Security Breach Review In Progress: FNAF After Scott Cawthon

A close-up of Freddy Fazbear as he appears in Five Nights at Freddy's: Security Breach.

Get inside the robot bear, Shinji.
Screenshot: ScottGames / Kotaku

The eighth main installment of the Five Nights at Freddy’s saga beings with a glam-rock ‘80s version of Freddy Fazbear, noted child-murdering robot, suffering a malfunction on stage in front of his hordes of fans. When the animatronic awakens, he discovers he’s picked up an unwanted passenger somewhere along the way. That’s right, you’re inside him. It’s like a Five Nights fanfic up in here.

To clarify, you the player are in control of a young boy named Gregory, and Gregory is inside Freddy. Apparently, the lad was being pursued by Vanessa, a security guard at the massive Freddy Fazbear’s Mega Pizzaplex shopping mall, and took refuge inside Freddy’s spacious chest cavity. Upon discovering this, the disturbingly sentient Mr. Fazbear tears Gregory limb from limb, bathing in his vital fluids.

A group shot of Freddy's '80s glam-rock bank in Security Breach.

Ladies and gentlemen, Van Halen more or less.
Screenshot: ScottGames / Kotaku

Or at least that’s what I expected the bear to do. Instead, he befriends young Gregory and vows to help him escape the shopping complex. That’s right, instead of the series staple of a mysterious person on the phone, Freddy himself is here to save the day in Security Breach. He gives Gregory a novelty Fazbear watch, which allows the pair to communicate with each other as Gregory crawls through security vents and navigates dark hallways, relentlessly pursued by the more evil and bloodthirsty members of Freddy’s band.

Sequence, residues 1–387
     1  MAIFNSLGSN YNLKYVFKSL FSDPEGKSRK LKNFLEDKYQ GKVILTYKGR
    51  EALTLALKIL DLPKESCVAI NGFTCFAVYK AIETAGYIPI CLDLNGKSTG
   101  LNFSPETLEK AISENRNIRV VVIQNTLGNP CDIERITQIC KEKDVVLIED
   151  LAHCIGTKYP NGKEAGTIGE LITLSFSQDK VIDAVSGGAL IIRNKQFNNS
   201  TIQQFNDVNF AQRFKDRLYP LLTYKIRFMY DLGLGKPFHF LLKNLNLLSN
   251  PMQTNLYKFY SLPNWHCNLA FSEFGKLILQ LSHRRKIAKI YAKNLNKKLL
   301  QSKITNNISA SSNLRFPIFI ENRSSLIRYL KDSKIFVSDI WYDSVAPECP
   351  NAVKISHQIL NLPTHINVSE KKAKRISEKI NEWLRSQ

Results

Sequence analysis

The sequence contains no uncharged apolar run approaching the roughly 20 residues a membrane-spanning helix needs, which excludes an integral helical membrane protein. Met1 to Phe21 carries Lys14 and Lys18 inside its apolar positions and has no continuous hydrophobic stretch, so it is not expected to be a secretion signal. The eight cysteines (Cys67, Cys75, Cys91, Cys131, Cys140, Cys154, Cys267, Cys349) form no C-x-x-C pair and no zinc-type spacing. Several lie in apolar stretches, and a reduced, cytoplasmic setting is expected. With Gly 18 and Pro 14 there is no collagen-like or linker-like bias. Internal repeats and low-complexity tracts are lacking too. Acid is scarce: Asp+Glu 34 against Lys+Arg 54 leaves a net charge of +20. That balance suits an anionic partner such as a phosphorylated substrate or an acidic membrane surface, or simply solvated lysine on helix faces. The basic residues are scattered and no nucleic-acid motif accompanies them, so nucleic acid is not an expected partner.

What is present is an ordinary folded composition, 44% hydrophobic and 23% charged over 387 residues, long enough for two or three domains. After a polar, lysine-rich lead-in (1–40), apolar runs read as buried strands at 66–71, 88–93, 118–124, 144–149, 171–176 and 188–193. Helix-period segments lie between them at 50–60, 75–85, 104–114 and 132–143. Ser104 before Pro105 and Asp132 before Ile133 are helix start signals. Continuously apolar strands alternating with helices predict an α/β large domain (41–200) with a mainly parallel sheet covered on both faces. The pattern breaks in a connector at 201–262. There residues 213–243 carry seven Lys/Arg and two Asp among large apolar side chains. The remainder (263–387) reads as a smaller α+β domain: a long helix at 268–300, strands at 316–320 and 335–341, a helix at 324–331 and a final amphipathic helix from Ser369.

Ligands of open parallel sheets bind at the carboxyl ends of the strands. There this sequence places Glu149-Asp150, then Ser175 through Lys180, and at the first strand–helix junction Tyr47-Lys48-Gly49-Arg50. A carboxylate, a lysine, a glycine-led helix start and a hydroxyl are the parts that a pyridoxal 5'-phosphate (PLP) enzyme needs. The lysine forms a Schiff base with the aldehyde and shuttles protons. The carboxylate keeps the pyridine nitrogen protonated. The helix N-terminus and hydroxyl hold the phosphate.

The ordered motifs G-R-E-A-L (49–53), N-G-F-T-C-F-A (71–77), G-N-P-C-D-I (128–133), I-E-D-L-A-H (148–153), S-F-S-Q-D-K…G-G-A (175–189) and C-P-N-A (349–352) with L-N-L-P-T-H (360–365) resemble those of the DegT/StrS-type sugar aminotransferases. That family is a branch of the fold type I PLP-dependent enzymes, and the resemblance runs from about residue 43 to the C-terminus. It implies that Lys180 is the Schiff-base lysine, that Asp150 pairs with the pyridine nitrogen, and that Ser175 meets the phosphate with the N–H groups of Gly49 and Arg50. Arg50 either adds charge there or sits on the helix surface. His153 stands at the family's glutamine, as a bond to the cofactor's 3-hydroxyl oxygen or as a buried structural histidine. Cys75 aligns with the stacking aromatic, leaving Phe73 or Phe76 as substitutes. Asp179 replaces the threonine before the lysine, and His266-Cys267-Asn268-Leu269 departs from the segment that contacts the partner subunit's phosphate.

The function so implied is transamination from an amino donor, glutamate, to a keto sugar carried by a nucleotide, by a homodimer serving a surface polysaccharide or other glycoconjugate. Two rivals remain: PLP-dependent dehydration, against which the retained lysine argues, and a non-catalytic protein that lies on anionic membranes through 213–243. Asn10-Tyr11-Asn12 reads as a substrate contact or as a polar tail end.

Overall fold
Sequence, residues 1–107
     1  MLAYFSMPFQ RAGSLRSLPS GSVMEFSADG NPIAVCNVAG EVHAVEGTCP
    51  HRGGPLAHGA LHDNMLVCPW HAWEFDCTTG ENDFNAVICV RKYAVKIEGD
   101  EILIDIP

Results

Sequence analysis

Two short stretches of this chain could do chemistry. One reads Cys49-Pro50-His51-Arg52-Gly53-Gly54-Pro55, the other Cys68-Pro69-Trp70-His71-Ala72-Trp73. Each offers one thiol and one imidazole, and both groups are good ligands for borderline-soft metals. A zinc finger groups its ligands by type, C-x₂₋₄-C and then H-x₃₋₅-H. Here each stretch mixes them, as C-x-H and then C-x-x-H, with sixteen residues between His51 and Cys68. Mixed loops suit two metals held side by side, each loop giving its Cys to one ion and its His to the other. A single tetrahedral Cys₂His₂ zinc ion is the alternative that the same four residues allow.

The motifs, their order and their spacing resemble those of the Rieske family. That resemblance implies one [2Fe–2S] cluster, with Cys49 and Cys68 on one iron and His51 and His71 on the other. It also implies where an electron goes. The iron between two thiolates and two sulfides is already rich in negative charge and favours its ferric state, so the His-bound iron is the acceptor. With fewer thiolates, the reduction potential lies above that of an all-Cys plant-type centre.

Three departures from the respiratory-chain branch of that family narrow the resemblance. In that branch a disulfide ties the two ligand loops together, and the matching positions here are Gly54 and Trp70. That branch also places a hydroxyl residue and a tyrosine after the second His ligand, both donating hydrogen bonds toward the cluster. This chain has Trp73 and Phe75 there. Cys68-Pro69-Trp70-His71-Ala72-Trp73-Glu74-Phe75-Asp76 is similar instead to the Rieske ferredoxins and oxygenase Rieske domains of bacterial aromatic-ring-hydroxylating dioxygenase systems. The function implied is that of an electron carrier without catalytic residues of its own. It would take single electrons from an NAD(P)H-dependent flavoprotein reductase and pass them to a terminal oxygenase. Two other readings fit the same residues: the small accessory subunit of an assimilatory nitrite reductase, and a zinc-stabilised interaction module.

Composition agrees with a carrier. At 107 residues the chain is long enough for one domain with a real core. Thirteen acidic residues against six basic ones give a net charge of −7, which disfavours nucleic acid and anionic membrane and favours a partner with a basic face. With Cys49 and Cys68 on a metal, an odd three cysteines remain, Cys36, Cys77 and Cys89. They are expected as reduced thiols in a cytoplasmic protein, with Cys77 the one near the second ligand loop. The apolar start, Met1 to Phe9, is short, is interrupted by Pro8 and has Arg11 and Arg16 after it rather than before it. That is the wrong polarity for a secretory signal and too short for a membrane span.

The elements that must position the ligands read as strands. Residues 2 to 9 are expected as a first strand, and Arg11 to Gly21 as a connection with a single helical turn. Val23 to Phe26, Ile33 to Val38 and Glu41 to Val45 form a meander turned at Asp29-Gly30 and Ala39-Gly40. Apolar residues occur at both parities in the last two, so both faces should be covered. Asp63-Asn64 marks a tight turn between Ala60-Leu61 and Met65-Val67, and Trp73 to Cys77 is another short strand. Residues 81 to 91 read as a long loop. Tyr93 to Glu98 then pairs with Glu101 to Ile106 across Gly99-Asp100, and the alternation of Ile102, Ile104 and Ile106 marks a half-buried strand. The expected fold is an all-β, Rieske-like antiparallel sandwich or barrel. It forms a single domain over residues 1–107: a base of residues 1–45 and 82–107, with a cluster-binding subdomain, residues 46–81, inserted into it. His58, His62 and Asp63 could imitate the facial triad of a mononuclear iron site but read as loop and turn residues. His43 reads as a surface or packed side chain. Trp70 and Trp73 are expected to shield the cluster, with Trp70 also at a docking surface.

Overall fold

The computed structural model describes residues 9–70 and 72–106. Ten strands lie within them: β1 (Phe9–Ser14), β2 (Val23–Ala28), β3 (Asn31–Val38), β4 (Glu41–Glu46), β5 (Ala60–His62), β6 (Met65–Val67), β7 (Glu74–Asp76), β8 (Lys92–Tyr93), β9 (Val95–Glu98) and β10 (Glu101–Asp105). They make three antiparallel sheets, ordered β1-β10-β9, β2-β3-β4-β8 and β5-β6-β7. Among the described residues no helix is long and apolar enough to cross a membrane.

It’s a neat twist on the series formula, but I cannot help but fear the big metal bear. No matter how nice he seems or how dapper he looks in his tiny hat, he carries with him the sinister air of a bear that’s been scaring instead of caring since 2014. The game’s opening not only asks me to help Freddy escape from his dressing room where he’s been locked down pending repair, it also tries to convince me that climbing back inside his insides is a good idea. Just watch.

It’s actually a clever game mechanic, letting Gregory hide inside Freddy, where he’s safe from pursuit from security, maintenance bots, and murderous metal musicians who are actually made of metal. But Freddy’s malfunction means his ability to recharge is limited, forcing Gregory to go it alone while the bear guides him from inside a charging chamber. The whole affair is a little less scary knowing he’s on your side unless you stop to think about it. I wouldn’t if I were you.

Five Nights at Freddy’s: Security Breach is developed by Steel Wool Studios instead of creator Scott Cawthon, who retired earlier this year amid controversy over his support of reactionary politicians. Despite some technical hitches like stuttering when changing areas, it’s the best-looking Five Nights game I’ve played. The free-roaming first-person exploration helps build tension, the characters are bright, shiny, and terrifying, and Freddy Fazbear’s Mega Pizzaplex is a color-splashed nightmare of ‘80s-era consumerism, a proper playground for sentient murder machines.

Yes, Freddy, that means you. I’m watching you, Fazbear.